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Fukagawa Detail 3
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Asakusa Detail 1
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Asakusa Detail 2
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Fukagawa Detail 3
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Asakusa Detail 1
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Asakusa Detail 2

Tokyo Stroll Supplement: Imperial Palace / Kōkyo

on the Imperial Palace garden grounds

This page indexes, contains corrections and has additions to the Imperial Palace / Kōkyo chapter of Tokyo Stroll.

For information on Tokyo Stroll and this web supplement see Tokyo Stroll Supplement home page

For users of the Organic Maps, Maps.Me and Google Maps apps the items below have bookmarks you can import into those apps to make navigation easier.
Instructions and links are on the Viewing Locations in Organic Maps, Maps.Me, Google Maps, or Google Earth page.

Chidorigafuchi Moat: Tokyo Stroll page 189

Chidorigafuchi National Cemetery / Chidorigafuchi Senbotsusha Boen: Tokyo Stroll page 189

Chidorigafuchi Park / Chidorigafuchi: Tokyo Stroll page 191

Dōshin Bansho: Tokyo Stroll page 202

Former Imperial Guard Headquarters / Kyū Konoe Shidan Shireibu: Tokyo Stroll page 190

Fujimi Tamon: Tokyo Stroll page 203

Fujimi Yagura: Tokyo Stroll page 200

Fushimi Yagura: Tokyo Stroll page 206

Hanzōmon: Tokyo Stroll page 191

Hibiya Matsumotorō (日比谷松本楼)
[In the middle of the area in the Marunouchi to Nagatachō Detail 3 map]

The Hibiya Matsumotorō was founded 1903, the same year as Hibiya Park opened
From the beginning the restaurant served yōshoku, which are dishes influenced by Western foods. The beef curry that made Hibiya Matsumotorō famous is one of those dishes still served today. Such food was considered unique and trendy at the time of its founding. The restaurant thusly became very fashionable with the modern set, intellectuals, and progressive artists.

The Pan no Kai, or Pan Society, an important group of writers, actors, and artists who wished to transform the arts of Japan, held its first meeting at the restaurant. Among the noted customers who frequented the restaurant were Takamura Kōtarō and Natsume Sōseki. Another visitor was Sun Yat-sen, who discussed plans there for the Chinese revolution with his friend Umeya Shōkichi.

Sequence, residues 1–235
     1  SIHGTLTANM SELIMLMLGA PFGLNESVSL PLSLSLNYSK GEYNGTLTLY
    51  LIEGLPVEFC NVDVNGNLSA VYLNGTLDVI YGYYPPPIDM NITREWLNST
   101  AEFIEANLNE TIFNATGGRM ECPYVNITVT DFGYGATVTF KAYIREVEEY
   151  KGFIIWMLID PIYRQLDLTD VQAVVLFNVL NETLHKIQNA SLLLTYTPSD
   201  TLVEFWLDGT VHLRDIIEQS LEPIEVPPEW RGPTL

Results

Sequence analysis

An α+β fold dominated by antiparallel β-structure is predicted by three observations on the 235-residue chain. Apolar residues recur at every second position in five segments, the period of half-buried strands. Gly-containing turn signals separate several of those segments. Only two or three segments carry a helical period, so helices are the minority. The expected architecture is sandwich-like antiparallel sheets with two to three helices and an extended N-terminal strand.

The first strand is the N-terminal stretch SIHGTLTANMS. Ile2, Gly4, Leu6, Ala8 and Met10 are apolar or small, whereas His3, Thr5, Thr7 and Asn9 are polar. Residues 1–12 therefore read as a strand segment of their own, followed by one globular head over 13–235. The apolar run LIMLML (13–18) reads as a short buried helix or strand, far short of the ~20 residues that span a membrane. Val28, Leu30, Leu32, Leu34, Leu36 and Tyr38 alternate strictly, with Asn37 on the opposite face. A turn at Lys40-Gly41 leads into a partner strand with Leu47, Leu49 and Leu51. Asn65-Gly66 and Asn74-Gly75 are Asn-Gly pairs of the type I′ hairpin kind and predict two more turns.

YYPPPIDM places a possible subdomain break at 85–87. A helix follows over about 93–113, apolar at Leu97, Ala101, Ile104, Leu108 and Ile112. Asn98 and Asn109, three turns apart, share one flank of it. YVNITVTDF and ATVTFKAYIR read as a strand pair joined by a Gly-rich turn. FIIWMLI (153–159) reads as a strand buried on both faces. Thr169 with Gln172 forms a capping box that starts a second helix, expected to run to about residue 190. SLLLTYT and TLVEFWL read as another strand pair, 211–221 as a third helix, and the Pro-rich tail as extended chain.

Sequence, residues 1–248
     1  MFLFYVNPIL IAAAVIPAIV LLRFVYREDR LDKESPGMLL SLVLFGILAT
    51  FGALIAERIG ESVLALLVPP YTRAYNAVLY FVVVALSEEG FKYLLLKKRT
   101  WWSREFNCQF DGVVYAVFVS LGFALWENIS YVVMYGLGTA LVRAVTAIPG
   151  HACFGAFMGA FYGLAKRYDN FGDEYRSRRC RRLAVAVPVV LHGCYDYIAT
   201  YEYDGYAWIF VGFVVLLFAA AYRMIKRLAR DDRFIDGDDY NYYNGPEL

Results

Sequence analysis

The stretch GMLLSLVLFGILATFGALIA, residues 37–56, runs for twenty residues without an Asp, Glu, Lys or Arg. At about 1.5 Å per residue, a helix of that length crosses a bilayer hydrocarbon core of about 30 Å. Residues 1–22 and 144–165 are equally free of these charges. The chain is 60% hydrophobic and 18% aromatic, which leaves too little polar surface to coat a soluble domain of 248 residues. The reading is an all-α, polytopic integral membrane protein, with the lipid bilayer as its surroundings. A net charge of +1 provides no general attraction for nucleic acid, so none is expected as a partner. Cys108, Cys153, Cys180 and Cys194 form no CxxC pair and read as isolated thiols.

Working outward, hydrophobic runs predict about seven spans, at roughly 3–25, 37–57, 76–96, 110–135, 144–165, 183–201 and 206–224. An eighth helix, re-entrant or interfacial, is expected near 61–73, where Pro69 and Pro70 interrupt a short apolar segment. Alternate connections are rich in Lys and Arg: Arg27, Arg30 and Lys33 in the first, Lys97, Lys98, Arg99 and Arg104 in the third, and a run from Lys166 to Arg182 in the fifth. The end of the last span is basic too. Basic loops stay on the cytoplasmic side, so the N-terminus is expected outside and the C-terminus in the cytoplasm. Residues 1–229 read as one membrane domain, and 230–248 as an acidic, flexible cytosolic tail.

Please excuse a digression about this interesting relationship. In 1882 when he was 14 Umeya went to Shanghai where he was robbed and turned to working at the docks to survive. His experience of the mistreatment of Chinese workers by the British led him to support Chinese independence from foreign powers. After that trip he returned to Japan to shortly again travel overseas where he would live for many years. In 1895 Umeya met Sun Yat-sen in Hong Kong, both were in their late 20s at this time, and their friendship began. Upon returning to Japan in 1905 with a fortune he had made overseas, as well as a reputation for supporting revolutionary activities, Umeya founded the movie company M. Pathe. He would use income from that and other projects project to help fund anti-Manchu revolutionaries. When he was in exile in 1913 Sun Yat-sen was introduced to Soong Ching-Lin by Umeya and his wife Toku and in time the two exiles were wed in the Umeya's home. Umeya would in 1933 get in trouble with the Japanese nationalists and be branded a traitor for his support of peace in China. He would, in 1934, be asked to be an unofficial emissary to China by the Japanese foreign minister but died before he could make the trip. At the funeral Umeya's casket was draped in both the Japanese and Chinese flags. By the way Umeya's grand-daughter would later marry Kosaka Tetsuro who owned the restaurant. The current owner is Kosaka Ayano Umeya's great-grandson.